HOW SWEET IS MY SOFT DRINK?
We are increasingly living in obesogenic environments. While urbanization and modern transport have reduced the amount of energy expenditure, increasing access to high calorie food and intense marketing of carbonated “soft drinks” coupled with customary preference for sweets, have sparked a global epidemic in diabetes, overweight and cardiovascular diseases.9 To put it in real terms, do we know that drinking a cola bottle is equivalent to consuming more than 10 spoons full of sugar? I can’t even imagine what that would feel like! To know for yourself, check out guide- “How Sweet Is It?” developed by the researchers at the Nutrition Source, Harvard T.H. Chan School of Public Health, which tells you the amount of sugar and calories present in soda, juice, sports drinks and other popular beverages.6
HOW DOES IT AFFECT MY HEALTH?
As these beverages have very high amounts of artificial sugar with almost zero nutritional value, we have strong evidence to explain the role that Sugar Sweetened Beverages (SSBs) are playing in growing epidemic of obesity and diabetes.8 Some glaring evidence on health risks associated with SSBs has been listed below:
WHAT IT DOES TO MY POCKET?
While communicating public health risks of SSBs may be a challenging task, the use of economic modelling can be an alternative method to improve our understanding of the very “real” risks that SSBs pose to our lives-
WHAT HAPPENS IF MY COLA BOTTLE IS TAXED?
Before the start of 2020, nearly 42 countries around the world and 7 cities in the United States had implemented taxes on artificially sweetened drinks/SSBs to a varying extent.5 Mexico being a popular example, passed a resolution in 2014 for an excise tax of 1 peso per liter on non-dairy and non-alcoholic beverages with added sugar (Soft Drinks). This was 10% price increase for cola compared to the previous year price. Additionally, 8% tax ad valorem was applied on “junk food” with an energy density of 275 Kcal/100g. Moreover, another resolution was passed by the senate to use the revenue generated for obesity prevention programs in Mexico. The above tax regulation was preceded by a National Public Health Campaign for minimizing consumption of artificially sweetened beverages. An exemplar strategy used for spreading awareness and formally lobbying within the policy circles, included an Intensive exposure to messages through Public Service Advertisements highlighting the amount of free sugar- that was being consumed for every bottle of cola. This campaign was called “12 spoonsful of sugar”.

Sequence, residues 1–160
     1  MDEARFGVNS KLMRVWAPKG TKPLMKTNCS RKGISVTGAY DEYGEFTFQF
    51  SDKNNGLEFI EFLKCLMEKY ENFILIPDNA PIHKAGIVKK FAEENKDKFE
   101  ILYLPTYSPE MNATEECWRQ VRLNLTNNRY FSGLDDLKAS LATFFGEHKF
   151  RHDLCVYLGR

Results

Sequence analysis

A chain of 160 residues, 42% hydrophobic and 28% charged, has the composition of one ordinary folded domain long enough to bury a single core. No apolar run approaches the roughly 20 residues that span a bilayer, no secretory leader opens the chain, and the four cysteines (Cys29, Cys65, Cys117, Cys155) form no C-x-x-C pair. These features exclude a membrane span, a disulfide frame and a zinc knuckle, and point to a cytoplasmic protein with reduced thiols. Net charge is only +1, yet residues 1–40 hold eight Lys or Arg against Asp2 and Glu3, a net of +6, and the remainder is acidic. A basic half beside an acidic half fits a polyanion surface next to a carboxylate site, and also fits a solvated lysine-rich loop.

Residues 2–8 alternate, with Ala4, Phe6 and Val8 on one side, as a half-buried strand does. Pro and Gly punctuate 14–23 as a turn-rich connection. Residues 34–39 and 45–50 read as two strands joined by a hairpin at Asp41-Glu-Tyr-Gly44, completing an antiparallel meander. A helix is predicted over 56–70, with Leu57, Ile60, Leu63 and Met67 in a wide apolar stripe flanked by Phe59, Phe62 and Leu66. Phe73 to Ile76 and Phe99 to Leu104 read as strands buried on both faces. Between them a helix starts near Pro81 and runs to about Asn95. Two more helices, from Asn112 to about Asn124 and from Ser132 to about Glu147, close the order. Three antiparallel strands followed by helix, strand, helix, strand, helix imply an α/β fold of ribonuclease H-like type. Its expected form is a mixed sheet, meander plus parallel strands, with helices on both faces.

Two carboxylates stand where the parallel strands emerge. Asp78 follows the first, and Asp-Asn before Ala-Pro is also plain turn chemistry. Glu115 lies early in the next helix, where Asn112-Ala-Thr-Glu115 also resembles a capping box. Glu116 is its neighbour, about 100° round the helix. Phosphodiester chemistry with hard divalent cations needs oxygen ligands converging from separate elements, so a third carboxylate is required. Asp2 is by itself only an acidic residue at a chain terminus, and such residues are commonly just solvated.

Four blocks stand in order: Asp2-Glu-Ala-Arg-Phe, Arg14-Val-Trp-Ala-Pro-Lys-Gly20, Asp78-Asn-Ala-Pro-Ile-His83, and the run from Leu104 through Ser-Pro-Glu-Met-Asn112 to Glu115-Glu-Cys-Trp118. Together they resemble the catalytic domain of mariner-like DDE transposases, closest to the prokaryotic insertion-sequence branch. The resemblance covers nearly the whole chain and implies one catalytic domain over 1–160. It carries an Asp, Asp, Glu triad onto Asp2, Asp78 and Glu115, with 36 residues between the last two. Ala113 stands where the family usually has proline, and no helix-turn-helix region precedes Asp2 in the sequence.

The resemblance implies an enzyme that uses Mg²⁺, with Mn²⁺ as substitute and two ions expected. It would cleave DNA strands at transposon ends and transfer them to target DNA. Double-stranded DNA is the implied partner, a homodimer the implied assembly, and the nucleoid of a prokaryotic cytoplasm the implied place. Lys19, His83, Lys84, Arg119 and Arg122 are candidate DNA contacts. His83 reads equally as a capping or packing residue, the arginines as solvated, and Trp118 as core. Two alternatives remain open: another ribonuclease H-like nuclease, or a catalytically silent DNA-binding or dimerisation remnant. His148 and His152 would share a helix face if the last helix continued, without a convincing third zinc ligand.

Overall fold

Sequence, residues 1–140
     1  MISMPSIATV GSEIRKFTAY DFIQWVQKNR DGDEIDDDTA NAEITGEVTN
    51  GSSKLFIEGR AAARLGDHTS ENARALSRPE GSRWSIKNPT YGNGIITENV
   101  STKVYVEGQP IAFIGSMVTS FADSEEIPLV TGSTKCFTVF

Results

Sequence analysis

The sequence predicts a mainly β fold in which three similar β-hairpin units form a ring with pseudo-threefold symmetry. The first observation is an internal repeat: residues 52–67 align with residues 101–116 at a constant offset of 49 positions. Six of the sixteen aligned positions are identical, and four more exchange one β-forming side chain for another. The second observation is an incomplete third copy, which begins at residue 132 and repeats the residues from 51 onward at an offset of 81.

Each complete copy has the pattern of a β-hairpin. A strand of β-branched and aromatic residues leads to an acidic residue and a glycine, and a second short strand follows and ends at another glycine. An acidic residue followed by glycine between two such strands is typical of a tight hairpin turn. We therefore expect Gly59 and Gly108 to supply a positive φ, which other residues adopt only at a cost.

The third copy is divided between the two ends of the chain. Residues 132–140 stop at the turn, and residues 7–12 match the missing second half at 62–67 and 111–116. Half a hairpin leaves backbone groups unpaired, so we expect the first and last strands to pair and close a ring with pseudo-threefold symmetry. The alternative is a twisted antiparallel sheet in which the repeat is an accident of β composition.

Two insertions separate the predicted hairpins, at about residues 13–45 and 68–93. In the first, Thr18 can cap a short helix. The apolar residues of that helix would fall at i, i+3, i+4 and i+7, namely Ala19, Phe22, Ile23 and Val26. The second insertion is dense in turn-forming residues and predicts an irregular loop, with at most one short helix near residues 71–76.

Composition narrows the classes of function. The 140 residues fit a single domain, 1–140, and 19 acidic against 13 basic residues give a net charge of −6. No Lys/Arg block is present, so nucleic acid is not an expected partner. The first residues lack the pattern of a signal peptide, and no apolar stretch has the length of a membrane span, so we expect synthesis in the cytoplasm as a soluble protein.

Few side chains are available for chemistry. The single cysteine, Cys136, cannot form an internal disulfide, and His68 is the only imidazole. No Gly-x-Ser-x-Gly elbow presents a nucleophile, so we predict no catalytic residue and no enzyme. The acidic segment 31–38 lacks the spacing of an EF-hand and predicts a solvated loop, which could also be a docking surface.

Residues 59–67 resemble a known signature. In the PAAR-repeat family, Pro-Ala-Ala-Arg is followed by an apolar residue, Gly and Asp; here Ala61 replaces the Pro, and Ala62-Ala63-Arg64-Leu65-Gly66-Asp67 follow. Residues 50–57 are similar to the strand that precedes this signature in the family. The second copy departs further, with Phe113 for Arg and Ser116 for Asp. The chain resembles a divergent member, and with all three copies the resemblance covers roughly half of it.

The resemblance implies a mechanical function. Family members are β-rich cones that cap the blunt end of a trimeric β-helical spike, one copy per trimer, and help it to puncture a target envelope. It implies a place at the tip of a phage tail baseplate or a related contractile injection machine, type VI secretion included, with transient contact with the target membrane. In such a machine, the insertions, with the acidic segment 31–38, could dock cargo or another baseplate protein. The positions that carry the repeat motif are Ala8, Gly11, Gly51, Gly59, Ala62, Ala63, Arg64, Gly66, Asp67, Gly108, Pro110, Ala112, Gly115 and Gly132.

Results: Effects on Purchases
Results: Effects on Weight & Diabetes
WHAT CAN WE DO TO PROTECT OUR HEALTH?
In addition to taxing carbonated soda drinks and artificially sweetened juices, some complimentary strategies could be the following.
Conclusively, governments can play a critical role in creating a healthy food environment which generates demand for improved dietary behaviours resulting into better nutritional outcomes for the population. Policy institutions overseeing the mandate for food and nutrition security have a duty to enable people to adopt and maintain healthy dietary practices and are equally well positioned to incentivize all the other stakeholders in the supply chain. And as Gandhi once said, “Be The Change You Wish To See”. So next time, you wish to buy your favorite soft drink – think twice!!